The external barriers to participative management: Planning a high school for future teachers

Alan Paul Lentin, Fordham University

Abstract

Education in the 1980's has gone through two waves of reform. The first reform movement did nothing more than raise the standards for entering the teaching profession and increase the requirements for high school graduation. The second wave of reform was a more thoughtful and constructive process. The core of the movement was the manner in which schools were governed.^ This researcher was given the opportunity to take a leadership role on the design of a new high school where the governance structure was to be based upon Participatory Decision Making (PDM). The assumption made was that barriers to implementation were bound to arise.^ The research design and methodology was a descriptive case study from the perspective of a participant observer. This design usually covers events over time. Field research of this type is suggestive rather than definitive.^ The data for this study were compiled in chronological order over an 8-month period. This time line comprised the planning for the new high school. The data were examined in three phases. Each phase began and ended based upon arbitrary dates selected by the researcher.^ When the analysis of the data from the planning was completed, four major external barriers to the implementation of policy were found to exist. They included the exercise of power, a multiplicity of players, unclear goals, and a breakdown in communication.^ The data revealed how these barriers were overcome. In each situation the planners either met power with power, adapted, negotiated, co-opted, or ignored the issue.^ External barriers add a complexity to the implementation process. Overcoming these barriers adds risk to the process. A typology of methods to overcome barriers emerged in this study. These moved up the scale from the least risky to the riskiest.^ It is essential that policy makers become more cognizant of the external barriers to policy implementation. These barriers only become the fuel that slows down the implementation phase of policy.^ Further research is essential to see if the central concept of the second wave of reform--PDM is working. What effect is this having on the education of the students? What impact is it having on the faculty and the administration? These questions and more should be answered before we enter the third wave of reform. ^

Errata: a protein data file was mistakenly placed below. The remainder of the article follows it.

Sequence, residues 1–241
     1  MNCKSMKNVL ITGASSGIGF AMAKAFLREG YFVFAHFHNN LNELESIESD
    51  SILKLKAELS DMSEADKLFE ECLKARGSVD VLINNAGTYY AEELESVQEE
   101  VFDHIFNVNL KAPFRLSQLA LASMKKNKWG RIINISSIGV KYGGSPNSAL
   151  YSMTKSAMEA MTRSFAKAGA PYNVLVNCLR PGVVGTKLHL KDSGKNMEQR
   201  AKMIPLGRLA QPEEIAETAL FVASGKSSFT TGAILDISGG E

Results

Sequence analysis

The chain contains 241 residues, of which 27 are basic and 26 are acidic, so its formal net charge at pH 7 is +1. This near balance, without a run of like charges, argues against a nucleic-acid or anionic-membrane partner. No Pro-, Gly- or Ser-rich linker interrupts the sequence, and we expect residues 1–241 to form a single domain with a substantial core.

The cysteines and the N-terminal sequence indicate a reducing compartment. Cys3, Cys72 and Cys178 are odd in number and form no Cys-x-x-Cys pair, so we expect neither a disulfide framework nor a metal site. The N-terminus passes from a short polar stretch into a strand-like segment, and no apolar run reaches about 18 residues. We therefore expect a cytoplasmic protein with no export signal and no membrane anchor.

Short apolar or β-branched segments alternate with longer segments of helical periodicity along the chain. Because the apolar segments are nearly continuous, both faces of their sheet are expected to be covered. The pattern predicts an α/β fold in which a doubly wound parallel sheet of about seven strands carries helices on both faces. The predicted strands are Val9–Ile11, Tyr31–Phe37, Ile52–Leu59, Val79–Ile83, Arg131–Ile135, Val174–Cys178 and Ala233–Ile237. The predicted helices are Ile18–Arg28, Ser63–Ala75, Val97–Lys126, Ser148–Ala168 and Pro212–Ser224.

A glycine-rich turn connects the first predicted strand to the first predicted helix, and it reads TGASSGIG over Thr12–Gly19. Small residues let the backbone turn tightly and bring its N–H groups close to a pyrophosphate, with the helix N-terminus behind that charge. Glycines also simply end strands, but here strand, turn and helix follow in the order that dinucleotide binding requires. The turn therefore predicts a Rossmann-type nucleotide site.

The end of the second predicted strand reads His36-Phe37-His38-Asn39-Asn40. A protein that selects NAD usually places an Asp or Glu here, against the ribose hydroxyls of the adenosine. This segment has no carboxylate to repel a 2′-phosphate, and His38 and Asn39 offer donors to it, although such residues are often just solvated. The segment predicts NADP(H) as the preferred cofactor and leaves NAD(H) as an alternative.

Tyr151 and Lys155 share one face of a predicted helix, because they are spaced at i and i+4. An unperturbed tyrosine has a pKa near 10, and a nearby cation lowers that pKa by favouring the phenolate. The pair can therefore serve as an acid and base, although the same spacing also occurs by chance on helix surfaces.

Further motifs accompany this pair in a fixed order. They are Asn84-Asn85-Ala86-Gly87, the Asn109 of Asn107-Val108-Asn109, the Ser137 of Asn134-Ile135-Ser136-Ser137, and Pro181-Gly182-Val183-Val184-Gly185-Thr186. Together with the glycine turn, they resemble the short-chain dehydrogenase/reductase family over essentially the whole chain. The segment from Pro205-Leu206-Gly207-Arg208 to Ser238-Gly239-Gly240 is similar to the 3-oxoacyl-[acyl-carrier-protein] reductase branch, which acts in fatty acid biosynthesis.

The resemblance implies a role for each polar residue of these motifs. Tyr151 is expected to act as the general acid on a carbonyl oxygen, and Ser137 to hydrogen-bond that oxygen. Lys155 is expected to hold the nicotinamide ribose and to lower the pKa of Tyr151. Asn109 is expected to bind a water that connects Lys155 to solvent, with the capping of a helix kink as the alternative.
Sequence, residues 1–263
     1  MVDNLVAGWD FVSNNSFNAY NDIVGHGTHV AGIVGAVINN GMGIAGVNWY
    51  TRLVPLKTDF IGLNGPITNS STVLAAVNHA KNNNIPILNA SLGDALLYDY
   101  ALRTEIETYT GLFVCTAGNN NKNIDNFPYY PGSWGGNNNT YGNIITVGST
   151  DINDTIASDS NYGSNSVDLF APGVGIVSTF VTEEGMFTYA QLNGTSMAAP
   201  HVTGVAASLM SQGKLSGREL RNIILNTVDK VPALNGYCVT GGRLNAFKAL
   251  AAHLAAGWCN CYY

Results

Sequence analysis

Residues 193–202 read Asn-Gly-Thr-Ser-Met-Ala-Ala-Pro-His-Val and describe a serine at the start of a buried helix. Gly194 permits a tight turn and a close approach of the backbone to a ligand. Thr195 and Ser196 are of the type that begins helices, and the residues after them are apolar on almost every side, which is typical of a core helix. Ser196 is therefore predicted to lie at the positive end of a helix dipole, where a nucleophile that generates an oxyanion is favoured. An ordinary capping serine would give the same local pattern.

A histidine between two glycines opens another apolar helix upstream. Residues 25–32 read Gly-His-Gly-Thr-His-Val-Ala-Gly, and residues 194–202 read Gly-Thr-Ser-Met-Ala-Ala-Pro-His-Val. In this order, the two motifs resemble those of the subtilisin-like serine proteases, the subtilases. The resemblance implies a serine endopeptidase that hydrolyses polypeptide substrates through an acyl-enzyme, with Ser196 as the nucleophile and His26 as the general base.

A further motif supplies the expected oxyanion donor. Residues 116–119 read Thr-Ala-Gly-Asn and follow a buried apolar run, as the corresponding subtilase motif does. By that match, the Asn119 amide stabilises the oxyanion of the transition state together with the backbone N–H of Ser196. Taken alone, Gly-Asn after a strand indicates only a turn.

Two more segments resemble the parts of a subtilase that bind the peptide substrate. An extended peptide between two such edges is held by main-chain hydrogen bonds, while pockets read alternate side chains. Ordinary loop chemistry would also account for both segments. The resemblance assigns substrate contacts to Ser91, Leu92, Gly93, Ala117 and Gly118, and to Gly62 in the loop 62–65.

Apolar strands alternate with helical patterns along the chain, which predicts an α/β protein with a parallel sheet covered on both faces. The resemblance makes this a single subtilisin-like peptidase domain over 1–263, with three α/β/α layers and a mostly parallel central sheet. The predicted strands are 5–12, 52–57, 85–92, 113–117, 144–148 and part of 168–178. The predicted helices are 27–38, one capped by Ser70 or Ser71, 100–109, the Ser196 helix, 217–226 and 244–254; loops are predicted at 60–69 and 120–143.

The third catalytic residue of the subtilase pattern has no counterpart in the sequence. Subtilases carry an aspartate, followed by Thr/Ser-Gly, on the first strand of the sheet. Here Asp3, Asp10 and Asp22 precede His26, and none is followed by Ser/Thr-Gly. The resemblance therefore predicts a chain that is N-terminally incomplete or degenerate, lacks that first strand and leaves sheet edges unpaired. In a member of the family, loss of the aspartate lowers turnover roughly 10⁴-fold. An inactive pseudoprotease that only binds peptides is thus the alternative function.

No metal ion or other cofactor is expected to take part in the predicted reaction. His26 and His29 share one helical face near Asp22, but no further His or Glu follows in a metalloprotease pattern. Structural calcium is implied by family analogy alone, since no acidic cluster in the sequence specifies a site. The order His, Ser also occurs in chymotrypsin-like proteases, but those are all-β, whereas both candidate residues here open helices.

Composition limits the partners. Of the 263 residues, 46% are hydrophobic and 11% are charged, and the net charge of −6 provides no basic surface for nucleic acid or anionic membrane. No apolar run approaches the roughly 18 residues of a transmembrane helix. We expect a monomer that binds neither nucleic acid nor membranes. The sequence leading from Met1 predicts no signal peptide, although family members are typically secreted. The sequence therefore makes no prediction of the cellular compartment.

Subject Area

Educational administration

Recommended Citation

Lentin, Alan Paul, "The external barriers to participative management: Planning a high school for future teachers" (1992). ETD Collection for Fordham University. AAI9226420.
http://fordham.bepress.com/dissertations/AAI9226420

Share

COinS